I have loved all of Penny's books about Chief Inspector Gamache and the quirky inhabitants of Three Pines. When I read these books it felt like I was coming home, sitting at my desk with a cold beer on a hot day. Set in Paris this novel takes a different tack. The whole Gamache family is in Paris and his daughter is about to give birth. His godfather Stephen meets him in Rodin's garden but delivers some quirky comments. It turns out that those declarations would prove to unlock a sizable mystery. The plot felt much more involved and accelerated from her previous books, as the others were characterized by a languid gait. Stephen is hit by a hit-and-run driver and another person is found dead in his quarters. Uncovering the multilayered plot becomes the central issue of the book with an emphasis on family love, togetherness, and actions based on miscommunication. I really enjoyed it, but kept missing the old folks back home. However, that is not a criticism of the book at all. It is just Penny's ability to make one so involved with the characters that you ache when they are not there.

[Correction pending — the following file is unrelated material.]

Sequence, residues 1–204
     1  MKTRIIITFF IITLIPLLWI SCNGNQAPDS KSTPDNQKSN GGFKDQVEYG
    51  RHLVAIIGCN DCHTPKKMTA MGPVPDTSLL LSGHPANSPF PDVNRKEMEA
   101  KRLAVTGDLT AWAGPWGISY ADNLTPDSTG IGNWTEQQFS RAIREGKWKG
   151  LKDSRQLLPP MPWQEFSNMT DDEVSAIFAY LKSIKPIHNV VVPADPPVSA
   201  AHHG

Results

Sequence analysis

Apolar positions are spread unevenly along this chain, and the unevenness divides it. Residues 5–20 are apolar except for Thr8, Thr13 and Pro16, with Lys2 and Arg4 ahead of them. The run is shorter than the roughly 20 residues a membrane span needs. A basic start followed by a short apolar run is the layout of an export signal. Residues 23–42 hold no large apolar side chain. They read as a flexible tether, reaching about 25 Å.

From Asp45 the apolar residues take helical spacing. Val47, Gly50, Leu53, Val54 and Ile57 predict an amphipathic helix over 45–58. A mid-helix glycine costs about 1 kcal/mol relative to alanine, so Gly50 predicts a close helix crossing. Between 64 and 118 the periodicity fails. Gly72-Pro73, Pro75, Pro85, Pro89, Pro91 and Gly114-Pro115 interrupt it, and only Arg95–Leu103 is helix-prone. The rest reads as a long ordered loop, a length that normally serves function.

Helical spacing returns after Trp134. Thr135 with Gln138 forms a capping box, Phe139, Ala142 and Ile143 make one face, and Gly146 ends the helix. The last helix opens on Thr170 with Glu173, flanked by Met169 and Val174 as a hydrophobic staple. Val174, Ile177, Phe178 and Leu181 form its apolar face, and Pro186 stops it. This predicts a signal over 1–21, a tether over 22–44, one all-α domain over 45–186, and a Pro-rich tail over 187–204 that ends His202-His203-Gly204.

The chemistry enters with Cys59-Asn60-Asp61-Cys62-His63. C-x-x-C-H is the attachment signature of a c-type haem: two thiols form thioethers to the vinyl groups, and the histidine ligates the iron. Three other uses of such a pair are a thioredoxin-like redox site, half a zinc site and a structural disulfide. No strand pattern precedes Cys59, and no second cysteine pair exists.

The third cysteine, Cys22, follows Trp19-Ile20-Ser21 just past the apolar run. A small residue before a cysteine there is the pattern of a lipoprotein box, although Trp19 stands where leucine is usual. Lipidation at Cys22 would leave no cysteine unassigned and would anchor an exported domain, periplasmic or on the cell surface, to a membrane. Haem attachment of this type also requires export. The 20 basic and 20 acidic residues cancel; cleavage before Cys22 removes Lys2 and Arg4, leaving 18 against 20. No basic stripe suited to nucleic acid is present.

Fifty Words for Rain
by Asha Lemmie
a heart felt sweeping saga (9/14/2020)